Salome – May 2010

3/10

By Oscar Wilde

Directed by Jamie Lloyd

Company: Headlong

Venue: Richmond Theatre

Date: Wednesday 26th May 2010

We saw a production of this many years ago at the Barbican (1989). That one was directed by Steven Berkoff, who also played Herod, and the design was strongly black and white art deco with everyone except John the Baptist in evening dress. The cast moved in a smooth and stately manner, almost slow motion, and when sitting, they were almost completely still. I didn’t find it Wilde’s most enjoyable work, but it was interesting to see it staged, and there was one gem that has stayed with me. When Herod was trying to persuade Salome to take some reward other than the head of John the Baptist, he went through a long, long list of all the riches, especially the jewels, which he owned, to tempt her to change her mind. At one point, he mentioned two large emeralds, and from the look Herodias gave him at that moment, it was clear she hadn’t been brought up to speed on those particular items. Until now. It was a very subtle reaction, given that none of the actors were moving much physically, but it spoke volumes.

This was another stylised production, but today’s theme was the oh-so-fashionable industrial grunge. We both hope that directors and designers get past this phase as soon as possible. It works sometimes, but so often it just seems to be out of kilter with the play, and this was one of those times. They even used the cliché of a gangsta rap, done by one of the white boys, the lad who was attracted to Salome.

The stage was almost filled by a raised platform, which made it difficult for us to see the action properly (no complaints from us), and it was surrounded by lighting racks – like we need to be reminded we’re watching a theatrical performance. The ‘action’ started early, with actors coming on stage one at a time and prowling round, climbing the lighting racks, etc. Presumably they knew what this was meant to be about, but nobody told us. It went on so long, I started to giggle as the thought went through my head that this might be all there was. One hour and twenty-six minutes of prowling actors. Then there was a loud noise, and two blasts of steam shot in the air. Unfortunately, from where I sat, this just looked like two of the cast had done a special effects fart, so again I had the giggles.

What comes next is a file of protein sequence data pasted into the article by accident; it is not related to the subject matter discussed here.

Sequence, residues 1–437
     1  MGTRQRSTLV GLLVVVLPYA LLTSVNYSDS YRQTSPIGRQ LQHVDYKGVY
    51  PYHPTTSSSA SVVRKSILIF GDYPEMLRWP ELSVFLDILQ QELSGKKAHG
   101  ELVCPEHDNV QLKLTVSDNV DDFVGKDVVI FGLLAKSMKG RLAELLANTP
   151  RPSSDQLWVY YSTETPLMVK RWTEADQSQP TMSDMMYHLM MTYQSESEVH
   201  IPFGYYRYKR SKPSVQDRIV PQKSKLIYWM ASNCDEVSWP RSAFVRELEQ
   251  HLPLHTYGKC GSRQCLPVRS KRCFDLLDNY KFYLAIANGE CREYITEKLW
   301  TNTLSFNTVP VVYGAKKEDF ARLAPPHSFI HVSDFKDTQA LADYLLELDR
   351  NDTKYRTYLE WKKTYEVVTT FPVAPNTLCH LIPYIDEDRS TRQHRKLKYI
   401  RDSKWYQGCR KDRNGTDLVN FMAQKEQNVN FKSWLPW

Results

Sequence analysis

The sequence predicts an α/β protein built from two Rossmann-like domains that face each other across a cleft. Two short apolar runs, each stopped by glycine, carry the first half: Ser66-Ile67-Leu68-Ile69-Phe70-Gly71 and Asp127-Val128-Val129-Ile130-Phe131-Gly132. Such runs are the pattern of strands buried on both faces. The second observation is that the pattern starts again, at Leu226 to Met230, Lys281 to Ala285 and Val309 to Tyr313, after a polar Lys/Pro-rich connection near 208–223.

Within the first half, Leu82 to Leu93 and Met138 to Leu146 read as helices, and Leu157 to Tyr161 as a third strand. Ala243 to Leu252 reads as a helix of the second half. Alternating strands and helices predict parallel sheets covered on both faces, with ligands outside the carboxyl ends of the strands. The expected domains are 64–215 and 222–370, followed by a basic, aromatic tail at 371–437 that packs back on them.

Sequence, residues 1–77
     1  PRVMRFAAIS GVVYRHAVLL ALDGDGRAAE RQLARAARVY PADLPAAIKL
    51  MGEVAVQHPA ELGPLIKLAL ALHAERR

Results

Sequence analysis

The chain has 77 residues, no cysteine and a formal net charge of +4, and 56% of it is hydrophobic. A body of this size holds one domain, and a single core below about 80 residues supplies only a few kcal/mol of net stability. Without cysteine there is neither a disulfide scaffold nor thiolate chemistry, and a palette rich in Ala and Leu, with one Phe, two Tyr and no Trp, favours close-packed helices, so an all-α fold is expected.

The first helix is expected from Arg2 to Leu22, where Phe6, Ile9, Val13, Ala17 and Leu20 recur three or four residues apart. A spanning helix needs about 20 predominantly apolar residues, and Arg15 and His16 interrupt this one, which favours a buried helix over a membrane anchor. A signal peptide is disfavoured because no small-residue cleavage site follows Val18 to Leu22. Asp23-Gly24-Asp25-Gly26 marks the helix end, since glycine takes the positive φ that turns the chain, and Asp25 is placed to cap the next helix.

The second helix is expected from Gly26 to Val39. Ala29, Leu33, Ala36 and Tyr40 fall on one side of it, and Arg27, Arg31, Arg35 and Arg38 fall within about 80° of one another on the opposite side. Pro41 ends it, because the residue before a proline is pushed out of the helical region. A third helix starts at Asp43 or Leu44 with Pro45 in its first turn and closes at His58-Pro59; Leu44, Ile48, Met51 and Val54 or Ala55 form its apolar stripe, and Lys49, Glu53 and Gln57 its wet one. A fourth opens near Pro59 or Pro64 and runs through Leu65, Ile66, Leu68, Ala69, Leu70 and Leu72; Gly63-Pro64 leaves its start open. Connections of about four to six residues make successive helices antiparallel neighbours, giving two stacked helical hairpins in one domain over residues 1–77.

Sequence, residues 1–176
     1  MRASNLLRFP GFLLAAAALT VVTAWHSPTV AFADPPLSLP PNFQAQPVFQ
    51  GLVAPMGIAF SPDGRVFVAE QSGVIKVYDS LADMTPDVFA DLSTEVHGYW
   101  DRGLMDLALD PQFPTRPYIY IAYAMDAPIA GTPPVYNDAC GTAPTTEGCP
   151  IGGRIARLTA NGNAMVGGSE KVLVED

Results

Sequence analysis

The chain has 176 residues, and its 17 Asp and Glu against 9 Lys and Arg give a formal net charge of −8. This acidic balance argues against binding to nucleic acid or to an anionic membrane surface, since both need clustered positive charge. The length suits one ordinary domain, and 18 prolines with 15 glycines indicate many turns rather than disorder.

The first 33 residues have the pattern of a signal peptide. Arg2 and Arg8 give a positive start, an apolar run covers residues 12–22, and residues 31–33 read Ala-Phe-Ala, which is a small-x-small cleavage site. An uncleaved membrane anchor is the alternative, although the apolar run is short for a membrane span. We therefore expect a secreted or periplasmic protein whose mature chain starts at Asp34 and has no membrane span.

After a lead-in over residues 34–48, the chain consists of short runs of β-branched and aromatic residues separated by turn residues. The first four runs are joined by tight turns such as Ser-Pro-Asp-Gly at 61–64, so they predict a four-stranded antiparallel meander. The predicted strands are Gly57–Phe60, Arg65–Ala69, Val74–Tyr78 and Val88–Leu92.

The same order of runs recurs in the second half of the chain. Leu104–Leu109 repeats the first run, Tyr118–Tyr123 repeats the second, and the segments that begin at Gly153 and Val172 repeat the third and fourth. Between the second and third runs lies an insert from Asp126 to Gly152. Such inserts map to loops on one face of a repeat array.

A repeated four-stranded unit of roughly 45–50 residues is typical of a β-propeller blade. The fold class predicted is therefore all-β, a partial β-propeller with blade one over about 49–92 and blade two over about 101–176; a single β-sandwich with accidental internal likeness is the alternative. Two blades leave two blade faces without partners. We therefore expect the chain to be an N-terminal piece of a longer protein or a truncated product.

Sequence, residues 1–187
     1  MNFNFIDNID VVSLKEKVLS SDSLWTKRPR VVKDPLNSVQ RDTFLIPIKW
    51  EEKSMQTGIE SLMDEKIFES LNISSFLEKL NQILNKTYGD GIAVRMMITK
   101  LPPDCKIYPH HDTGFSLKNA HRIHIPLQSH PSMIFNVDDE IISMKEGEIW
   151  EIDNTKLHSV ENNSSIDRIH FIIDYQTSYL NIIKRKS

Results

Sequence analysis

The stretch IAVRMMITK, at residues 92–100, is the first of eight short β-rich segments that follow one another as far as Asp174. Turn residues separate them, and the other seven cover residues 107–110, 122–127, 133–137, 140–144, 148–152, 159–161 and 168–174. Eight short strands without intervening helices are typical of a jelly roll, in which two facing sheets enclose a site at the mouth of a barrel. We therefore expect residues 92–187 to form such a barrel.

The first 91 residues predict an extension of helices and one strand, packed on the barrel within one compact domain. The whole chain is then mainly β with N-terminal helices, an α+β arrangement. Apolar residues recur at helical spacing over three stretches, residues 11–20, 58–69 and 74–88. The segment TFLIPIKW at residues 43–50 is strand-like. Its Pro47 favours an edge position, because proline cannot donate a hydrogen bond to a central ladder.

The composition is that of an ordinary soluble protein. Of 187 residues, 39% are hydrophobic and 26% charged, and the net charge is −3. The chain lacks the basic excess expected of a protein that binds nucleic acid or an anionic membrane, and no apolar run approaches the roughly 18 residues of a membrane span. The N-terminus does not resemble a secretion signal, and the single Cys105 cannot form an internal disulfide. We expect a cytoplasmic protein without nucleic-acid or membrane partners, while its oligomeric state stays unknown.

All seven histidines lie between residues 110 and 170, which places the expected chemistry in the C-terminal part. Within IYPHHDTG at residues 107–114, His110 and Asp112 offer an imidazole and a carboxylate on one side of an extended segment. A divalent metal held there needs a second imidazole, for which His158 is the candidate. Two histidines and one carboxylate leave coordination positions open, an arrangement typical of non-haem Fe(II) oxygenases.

It took me a while to settle into the performance, but after about ten minutes I started to enjoy myself a bit. The grunge disappeared into the background, and the dialogue was coming across clearly. Salome came on and pouted her way around the stage for a bit, finally demanding to speak to John, or Iokanaan as they were calling him. Her behaviour was a bit peculiar throughout this performance, very twitchy and nervy and with lots of sexual posturing. I haven’t spent much time with drug addicts, so I don’t know if that’s what they were trying to suggest, but it’s the only explanation I can come up with. Admittedly, Herod’s court had a reputation for decadence. Trouble is, if you reduce the royal court to a bunch of boozy cokeheads, it takes away from the effect of their actions.